Some ideas for improving Aguila. Improvements can be new features or redesigns of existing features.
Attributes are stored in datasets. In a dataset one or more attributes can be stored. A dataset can be stored in many different ways: in a single file, in multiple files, in a database, by a WCS service, etc, etc.
Currently, users needs to know the names of the attributes, which are not always obvious. For example, attributes in a Shapefile are hidden in layers, which are hidden in Shapefiles. The user needs to use tools like gdalinfo to find out the names of the attributes.
Aguila needs an
Open Attribute ‘dialog’ which is smart enough to find attributes in a certain location, whatever the storage mechanism. For this to work Dal needs to be updated. Each format driver needs some
browse functionality that, given a location, returns information about the available attributes.
Dal’s enhancement doc contains info on Dal’s side of the implementation. Here, we only list some considerations for the user interface.
User must be able to select different locations:
Directories of the local filesystem.
Url’s (WFS, WCS).
It must be obvious what the characteristics of the found attributes are (spatial, temporal, uncertain, scenarios).
Found attributes may have the same name. It must be obvious which dataset each attribute is part of.
Since browsing for attributes may be slow:
There must be some progress indicator.
The user must be able to cancel (or stop) the browse.
Browse results must be cached and there must be an option to force a rebrowse.
It must be possible to drag found attributes onto running visualisations.
The rest of the application must remain usable while the dialog scans for attributes.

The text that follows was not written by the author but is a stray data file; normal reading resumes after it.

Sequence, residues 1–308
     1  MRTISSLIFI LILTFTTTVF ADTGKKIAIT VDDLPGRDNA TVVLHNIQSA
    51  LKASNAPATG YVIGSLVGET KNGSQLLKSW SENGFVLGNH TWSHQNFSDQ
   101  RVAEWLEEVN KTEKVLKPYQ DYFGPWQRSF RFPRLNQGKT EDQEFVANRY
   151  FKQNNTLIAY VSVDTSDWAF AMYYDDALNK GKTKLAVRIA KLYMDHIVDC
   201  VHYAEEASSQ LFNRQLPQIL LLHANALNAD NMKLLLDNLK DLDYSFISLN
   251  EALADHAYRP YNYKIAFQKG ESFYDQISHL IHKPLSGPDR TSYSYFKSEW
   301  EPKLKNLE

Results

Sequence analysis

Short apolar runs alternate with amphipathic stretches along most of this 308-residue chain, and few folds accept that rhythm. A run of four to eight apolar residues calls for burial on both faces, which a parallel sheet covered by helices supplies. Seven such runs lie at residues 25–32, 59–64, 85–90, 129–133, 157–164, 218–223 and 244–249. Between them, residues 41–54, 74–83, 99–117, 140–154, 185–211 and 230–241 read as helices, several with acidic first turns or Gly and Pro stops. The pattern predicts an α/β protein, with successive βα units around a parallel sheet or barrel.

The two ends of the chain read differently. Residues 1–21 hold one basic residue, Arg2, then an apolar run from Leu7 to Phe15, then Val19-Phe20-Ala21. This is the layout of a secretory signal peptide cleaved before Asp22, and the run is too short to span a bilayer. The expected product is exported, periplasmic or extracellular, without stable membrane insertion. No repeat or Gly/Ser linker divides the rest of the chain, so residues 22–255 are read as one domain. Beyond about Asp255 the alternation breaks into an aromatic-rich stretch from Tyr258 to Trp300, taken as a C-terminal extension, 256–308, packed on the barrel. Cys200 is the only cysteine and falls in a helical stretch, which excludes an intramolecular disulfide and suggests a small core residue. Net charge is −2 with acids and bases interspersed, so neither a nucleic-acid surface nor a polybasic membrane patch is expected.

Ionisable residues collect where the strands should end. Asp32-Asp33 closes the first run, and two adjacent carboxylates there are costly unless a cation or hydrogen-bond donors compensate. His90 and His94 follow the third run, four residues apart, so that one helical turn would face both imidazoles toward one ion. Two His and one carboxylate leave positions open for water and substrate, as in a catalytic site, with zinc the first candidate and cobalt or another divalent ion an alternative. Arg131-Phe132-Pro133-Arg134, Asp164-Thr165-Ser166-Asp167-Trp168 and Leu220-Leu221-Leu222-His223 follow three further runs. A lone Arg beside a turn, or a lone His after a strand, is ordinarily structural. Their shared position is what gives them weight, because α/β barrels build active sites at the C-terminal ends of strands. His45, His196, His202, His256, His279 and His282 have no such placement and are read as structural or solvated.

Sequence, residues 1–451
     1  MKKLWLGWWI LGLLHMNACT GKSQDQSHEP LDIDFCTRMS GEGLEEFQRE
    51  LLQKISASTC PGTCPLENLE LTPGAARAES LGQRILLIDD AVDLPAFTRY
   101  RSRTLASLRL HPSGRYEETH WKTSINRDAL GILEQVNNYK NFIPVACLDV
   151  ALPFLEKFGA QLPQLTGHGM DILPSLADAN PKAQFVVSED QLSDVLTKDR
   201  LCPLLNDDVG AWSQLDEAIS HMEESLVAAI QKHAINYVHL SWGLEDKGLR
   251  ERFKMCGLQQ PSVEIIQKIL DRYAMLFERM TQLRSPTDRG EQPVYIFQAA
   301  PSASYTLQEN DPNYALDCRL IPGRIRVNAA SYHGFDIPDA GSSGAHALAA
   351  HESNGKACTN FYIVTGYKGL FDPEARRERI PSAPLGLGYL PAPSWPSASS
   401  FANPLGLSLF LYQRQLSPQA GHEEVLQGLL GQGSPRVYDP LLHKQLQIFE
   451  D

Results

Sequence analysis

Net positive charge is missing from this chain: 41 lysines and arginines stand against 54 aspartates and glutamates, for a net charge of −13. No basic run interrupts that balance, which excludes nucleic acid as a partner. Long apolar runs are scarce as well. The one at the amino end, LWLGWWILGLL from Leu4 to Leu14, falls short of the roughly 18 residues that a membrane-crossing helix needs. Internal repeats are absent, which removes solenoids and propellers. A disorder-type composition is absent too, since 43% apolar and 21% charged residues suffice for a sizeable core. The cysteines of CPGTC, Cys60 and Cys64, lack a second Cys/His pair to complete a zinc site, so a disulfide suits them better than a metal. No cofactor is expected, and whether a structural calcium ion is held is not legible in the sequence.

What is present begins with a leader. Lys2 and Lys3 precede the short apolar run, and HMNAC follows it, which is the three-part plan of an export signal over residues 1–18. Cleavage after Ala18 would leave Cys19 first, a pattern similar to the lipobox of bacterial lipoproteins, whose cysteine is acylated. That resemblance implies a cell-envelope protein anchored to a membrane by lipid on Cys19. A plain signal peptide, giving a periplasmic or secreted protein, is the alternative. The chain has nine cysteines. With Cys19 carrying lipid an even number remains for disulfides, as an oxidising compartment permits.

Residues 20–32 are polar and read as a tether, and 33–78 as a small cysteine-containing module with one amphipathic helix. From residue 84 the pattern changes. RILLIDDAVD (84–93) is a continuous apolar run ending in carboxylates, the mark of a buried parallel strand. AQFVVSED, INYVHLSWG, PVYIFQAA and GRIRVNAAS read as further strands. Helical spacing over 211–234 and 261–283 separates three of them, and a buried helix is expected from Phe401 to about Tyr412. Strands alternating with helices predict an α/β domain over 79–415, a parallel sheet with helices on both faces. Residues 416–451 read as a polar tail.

It must be possible to open more than one attribute browser at the same time.
It must be possible to start a new visualisation from the context menu of the attribute. Only valid visualisations should be listed in the menu.
Found attributes must be added to the window incrementally, not after the browse is finished.
The attribute browser must be usable by other clients as well (Nutshell, Script editor, …). It may even be useful on its own, as a smarter replacement of gdalinfo. It can be developed as an independent component and added to Aguila once it becomes usable. It probably should only depend on Dal, not on Aguila. Aguila depends on the attribute browser.
The most recently visited locations must be available for selection within and between sessions.
The attribute view mode must be selectable (icons, details, …).
From the requirements folows that the folowing graphical elements are part of the dialog:
The location being browsed.
A means to change the browse location, eg:
Push button which starts a dialog for selecting a directory in the local filesystem.
Push button which starts a dialog for entering urls of WCS and WFS servers.
A push button to start the browse. In case chached data is used, this button may double as a ‘Refresh’ button.
A push button to stop the browse.
A table with information about the attributes found:
A progress indicator. Probably a progressbar. Amount of work is equal to number of drivers used. Current progress equals the number of drivers finished.
The dialog must run in a seperate thread.
The attribute browser is a Widget which can be put in a dialog or in any other widget type.
When rebrowsing the a location another time, use the driver information of the previous browse to see whether that data can still be opened with it. Most probably it can. Drivers are tried in a sequence, and can be ordered based on previous experiences. Try to get a small set of files ASAP by using existing knowledge.
Signals for high-level browse class:
attributeClicked(size_t id); attributeDoubleClicked(size_t id); customContextMenuRequested(size_t id);
Current implementation makes use of OpenGL, which is hard to maintain if you don’t use its API regularly. Switch to some higher level library (Ogre, …).